Ute Römer is currently an assistant professor in the Department of Applied Linguistics and ESL at Georgia State University. From 2007 to 2011 she was the director of the applied corpus linguistics unit at the University of Michigan English Language Institute where she managed the Michigan Corpus of Academic Spoken English (MICASE) and the Michigan Corpus of Upper-level Student Papers (MICUSP) projects. Her primary research interests and areas in which she has published include corpus linguistics, phraseology, academic discourse analysis, and the application of corpora in language learning and teaching. Ute‘s current research focuses on student academic writing across disciplines and on how corpus tools and methods can be used to identify meaningful units in specialized discourses. She is also involved in a project that combines corpus- and psycholinguistic evidence to gain insights into speakers‘ use and acquisition of English verb-argument constructions. She serves on the editorial boards of a number of academic journals (including the International Journal of Corpus Linguistics, Corpora, English Text Construction, and the Journal of Advanced Linguistic Studies) and is an advisory board member of the book series Studies in Corpus Linguistics (John Benjamins). She has published a book, three edited volumes, and numerous articles in leading journals in corpus linguistics and applied linguistics.
More information about her research interests and a full list of her publications can be found at www.uteroemer.com.
Training Speaking Test Examiners: The Devil Is in the Detail
Organizers: Jessica O’Boyle and Mark Chapman
Time: Friday October 3, 1 p.m. to 5 p.m.
Aims: To teach participants how to design and structure a training program for speaking examiners.
Are you interested in the testing of speaking in an ESL context? Would you like to learn about some of the key decisions that need to be made when training speaking examiners? If you have a theoretical or a practical interest in speaking assessment, there should be something of value for you in this workshop.
The importance of the speaking examiner has been well documented in the second language speaking assessment literature. Speaking examiners in a face-to-face context are responsible for creating a comfortable environment for the test taker, administering the speaking test according to documented protocol, and awarding scores consistently from an established scoring rubric. It is often necessary for speaking examiners to combine all these skills over an extended period of time with multiple test takers during periods of intensive testing. This combination of a sometimes challenging testing environment with the need for stable examiner behavior and scoring means that thorough examiner training is an essential factor for the validity of any speaking test.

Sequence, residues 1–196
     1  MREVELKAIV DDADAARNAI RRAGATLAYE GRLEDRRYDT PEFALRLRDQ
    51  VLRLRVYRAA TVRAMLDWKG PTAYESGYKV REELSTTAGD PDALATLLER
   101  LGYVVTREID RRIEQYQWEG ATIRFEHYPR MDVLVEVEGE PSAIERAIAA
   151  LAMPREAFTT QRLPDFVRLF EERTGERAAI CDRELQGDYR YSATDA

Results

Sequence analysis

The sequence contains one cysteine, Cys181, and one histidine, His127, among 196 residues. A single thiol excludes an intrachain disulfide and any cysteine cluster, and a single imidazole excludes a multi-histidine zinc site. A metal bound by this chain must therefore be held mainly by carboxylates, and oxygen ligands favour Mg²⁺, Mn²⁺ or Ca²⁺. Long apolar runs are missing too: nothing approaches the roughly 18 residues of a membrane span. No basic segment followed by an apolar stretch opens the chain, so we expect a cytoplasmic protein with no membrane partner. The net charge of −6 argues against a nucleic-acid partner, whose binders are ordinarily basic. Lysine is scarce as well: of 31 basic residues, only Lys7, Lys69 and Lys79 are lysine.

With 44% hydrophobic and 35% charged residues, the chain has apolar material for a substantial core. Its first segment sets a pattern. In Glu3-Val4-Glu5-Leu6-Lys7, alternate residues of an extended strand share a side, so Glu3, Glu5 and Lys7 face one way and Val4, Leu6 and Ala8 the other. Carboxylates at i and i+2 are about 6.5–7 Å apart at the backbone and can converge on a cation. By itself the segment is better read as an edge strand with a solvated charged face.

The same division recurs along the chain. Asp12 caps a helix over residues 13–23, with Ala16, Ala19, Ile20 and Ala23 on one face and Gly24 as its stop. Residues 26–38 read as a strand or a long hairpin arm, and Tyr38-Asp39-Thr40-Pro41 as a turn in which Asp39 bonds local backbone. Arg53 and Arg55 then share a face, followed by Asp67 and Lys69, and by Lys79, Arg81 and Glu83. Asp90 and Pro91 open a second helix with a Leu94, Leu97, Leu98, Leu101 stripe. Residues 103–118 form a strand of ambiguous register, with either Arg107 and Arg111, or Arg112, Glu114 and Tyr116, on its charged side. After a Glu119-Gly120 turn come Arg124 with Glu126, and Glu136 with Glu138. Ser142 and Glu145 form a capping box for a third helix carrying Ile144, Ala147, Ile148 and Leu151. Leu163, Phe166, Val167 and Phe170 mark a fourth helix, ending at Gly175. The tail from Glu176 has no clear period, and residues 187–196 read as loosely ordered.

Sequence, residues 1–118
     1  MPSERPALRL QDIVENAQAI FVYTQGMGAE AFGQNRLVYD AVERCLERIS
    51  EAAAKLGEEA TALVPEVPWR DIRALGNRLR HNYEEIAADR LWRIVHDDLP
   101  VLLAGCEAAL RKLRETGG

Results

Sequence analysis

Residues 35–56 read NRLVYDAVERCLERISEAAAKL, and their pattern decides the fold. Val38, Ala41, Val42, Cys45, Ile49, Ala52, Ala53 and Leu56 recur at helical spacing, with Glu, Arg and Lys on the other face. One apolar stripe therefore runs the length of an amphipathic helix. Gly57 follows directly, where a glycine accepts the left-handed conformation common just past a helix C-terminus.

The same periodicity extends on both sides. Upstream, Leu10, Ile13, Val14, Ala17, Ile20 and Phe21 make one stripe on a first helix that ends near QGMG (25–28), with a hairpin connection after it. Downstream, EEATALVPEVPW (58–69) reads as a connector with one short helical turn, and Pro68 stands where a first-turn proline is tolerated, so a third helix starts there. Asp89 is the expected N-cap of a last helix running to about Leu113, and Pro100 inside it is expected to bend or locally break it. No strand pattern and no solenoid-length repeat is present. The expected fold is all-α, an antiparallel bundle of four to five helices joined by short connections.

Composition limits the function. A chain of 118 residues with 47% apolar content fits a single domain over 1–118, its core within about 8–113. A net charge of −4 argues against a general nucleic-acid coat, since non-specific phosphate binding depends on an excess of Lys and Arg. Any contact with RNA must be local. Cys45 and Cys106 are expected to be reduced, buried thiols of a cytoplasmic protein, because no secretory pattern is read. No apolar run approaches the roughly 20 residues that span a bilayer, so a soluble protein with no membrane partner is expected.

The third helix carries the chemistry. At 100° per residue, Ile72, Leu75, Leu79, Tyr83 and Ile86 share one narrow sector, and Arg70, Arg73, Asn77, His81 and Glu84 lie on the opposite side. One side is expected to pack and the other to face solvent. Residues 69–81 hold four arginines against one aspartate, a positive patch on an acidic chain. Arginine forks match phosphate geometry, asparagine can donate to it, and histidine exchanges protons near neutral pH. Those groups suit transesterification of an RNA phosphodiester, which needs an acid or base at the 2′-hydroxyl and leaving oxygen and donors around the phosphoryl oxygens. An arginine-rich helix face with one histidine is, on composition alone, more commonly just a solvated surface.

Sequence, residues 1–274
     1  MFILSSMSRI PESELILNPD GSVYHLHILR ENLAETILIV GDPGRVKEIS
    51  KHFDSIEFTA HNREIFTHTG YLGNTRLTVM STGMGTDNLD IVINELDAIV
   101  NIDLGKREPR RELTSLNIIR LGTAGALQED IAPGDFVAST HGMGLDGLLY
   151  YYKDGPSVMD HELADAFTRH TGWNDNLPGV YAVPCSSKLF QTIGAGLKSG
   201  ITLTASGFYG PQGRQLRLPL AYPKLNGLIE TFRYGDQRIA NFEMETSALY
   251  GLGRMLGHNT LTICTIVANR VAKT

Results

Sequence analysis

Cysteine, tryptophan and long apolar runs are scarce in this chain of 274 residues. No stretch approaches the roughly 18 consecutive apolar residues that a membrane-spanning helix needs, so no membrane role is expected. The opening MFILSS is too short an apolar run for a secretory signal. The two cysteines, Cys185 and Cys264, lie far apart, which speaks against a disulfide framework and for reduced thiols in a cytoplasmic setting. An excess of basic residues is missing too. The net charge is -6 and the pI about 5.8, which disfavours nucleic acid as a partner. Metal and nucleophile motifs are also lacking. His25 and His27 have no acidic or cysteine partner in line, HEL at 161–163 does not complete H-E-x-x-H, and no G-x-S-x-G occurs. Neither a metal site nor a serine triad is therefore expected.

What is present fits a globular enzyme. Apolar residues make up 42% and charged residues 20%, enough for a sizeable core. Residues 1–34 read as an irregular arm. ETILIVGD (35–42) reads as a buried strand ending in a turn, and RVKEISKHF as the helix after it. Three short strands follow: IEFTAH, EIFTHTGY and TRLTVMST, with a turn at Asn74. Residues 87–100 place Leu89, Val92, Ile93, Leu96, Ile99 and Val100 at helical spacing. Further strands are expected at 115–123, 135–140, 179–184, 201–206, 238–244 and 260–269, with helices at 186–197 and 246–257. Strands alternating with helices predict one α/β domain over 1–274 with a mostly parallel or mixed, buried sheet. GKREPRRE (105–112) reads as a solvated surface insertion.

Although the second language speaking assessment literature has much to say about the importance of speaking examiner behavior and rating decisions, there is relatively little guidance from the literature regarding the practicalities of speaking examiner training. This is where we hope to help. The MwALT 2014 preconference workshop will equip you with the necessary practical skills to coordinate a training program for speaking examiners.
The workshop will mainly cover how to design and structure a speaking examiner training program. Some of the main issues addressed will be:
- The importance of using multiple videos of authentic test performance.
- The quantity of video required in benchmark performance sets, calibration sets, and qualifying set and the principles for selecting these performances.
- The need to create detailed justifications (commentaries) of the scores awarded to all video performances within the training materials. In addition, a frame for structuring the commentary on the performances will be suggested that carefully links the wording from the scoring rubric to the individual test taker performances shown in the training videos.
- The importance of establishing clear certification guidelines for approving speaking examiners.
Workshop participants will have the opportunity to learn about the speaking examiner training provided in two quite different CaMLA test programs: a speaking test for screening international teaching assistants at the University of Michigan; and a multi-task, multi-level test of general spoken language proficiency that is administered internationally. After completing the workshop you will have a better understanding of how to effectively train speaking examiners in your own local context.
Here are some of the organizations sponsoring MwALT 2014. We want to thank them for their generous support and help in making this year’s event a success!